WHAT IS A DOULA?
Advocate. Coach. Supporter.
Doula, originally from the Greek for female worker, has evolved to mean a woman who helps other women - specifically in childbirth, by providing continuous physical, emotional, and informational support before, during and after childbirth.
My name is Rae Johnson-Bundy - I’m a mother of two and a CD(DONA) Doula in Reading, Lancaster and Harrisburg. I am a former preschool teacher, YWCA youth director at the YWCA in Lancaster, and nanny to triplets.
I have a passion in helping people feel good about themselves, and as a doula I recognize birth as a key life experience that mothers will remember all their lives. I understand the physiology of birth and the emotional needs of a woman in labor. As a pre/post natal fitness coach, I can provide guidelines for developing, monitoring and modifying exercise for pregnant and postpartum women.
I have an Associates Degree in Early Childhood, and am a licensed instructor in all the Zumba® specialties - Aqua, Toning, Sentao, Gold, Step, Zumba Kids, Kid Jr. and Zumbini®. I received my group fitness and pre/post natal exercise certification through the American Council of Exercise (ACE). I also completed Prenatal & Postnatal Exercise Design Continuing Education Course through DSW Fitness and International Childbirth Education Association (ICEA). Currently, I am studying for my Lamaze childbirth certification exam.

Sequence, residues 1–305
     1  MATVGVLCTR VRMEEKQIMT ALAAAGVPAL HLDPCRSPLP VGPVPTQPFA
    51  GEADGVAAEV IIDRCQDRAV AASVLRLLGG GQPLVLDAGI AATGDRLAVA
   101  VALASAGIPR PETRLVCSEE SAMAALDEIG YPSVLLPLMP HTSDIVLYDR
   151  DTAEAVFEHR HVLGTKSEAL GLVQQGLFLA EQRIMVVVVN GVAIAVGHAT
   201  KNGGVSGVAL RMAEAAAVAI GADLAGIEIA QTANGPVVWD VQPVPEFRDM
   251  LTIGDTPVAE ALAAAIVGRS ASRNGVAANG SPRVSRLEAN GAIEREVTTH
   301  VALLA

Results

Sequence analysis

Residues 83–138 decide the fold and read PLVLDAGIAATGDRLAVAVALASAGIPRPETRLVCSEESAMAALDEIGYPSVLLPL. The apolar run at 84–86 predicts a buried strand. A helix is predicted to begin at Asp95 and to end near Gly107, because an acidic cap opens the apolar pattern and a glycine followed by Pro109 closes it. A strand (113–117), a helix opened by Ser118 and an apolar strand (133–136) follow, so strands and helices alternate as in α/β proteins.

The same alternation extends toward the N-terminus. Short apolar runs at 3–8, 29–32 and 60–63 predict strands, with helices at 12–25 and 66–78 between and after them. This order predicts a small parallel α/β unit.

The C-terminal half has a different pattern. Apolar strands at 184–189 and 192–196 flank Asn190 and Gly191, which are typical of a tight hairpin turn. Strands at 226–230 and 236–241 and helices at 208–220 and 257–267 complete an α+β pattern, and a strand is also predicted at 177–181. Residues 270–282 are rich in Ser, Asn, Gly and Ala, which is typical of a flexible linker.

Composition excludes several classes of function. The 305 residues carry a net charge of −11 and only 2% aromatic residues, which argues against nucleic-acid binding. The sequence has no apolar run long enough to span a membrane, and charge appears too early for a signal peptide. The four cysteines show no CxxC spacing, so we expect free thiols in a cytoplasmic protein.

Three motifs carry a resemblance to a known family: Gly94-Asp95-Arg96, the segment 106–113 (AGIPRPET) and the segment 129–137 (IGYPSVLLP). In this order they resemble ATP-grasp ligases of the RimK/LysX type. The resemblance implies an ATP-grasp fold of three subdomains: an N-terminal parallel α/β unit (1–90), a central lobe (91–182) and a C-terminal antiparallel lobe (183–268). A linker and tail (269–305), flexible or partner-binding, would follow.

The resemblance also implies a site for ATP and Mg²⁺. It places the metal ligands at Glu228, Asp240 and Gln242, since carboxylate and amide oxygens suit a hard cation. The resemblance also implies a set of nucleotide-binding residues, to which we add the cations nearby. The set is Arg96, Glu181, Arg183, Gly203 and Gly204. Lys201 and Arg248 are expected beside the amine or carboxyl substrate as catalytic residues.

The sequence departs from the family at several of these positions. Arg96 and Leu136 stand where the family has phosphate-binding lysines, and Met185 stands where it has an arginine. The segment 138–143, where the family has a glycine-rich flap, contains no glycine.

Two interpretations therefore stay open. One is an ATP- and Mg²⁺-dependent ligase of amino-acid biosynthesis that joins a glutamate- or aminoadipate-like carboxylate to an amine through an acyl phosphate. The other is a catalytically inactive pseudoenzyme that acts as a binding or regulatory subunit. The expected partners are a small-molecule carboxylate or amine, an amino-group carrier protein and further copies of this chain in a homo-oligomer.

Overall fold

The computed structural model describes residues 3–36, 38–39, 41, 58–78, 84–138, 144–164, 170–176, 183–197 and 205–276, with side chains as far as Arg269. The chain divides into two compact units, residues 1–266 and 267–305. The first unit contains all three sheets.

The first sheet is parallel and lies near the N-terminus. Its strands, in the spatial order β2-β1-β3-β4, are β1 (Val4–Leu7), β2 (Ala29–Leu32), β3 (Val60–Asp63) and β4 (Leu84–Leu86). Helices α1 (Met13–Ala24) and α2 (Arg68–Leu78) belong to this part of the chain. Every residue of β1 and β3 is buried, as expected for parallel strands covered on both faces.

4 Reasons YOU Deserve SUPPORT During Labor:
You enhance the emotional bond between you and your baby, and your baby’s health benefits.
A doula can assist, logistically, with ensuring your childbirth is unique, designing a birth plan tailored to your needs and values.
With fewer medical complications, interventions and on-site hospital staff, childbirths with a doula is often less expensive
You become a link in the chain of women helping women, worldwide!
Benefits of Prenatal Exercise:
The benefits of a well-designed pre-natal exercise program are numerous. Regular exercise increases cardiovascular fitness, muscular strength, and flexibility for expecting mothers.
Research shows that women who exercise during pregnancy experience fewer common prenatal discomforts, including constipation, swollen extremities, leg cramps, nausea, varicose veins, insomnia, fatigue, back pain, and other orthopedic conditions (Clapp & Little, 1994: Artal, 1992).
Prenatal exercise can assist in curbing gestational diabetes and help prevent urinary incontinence, pregnancy-induced hypertension, diastasis recti, and deep venous thrombosis ( Hall & Brody. 1999; Yeo et al.,2000).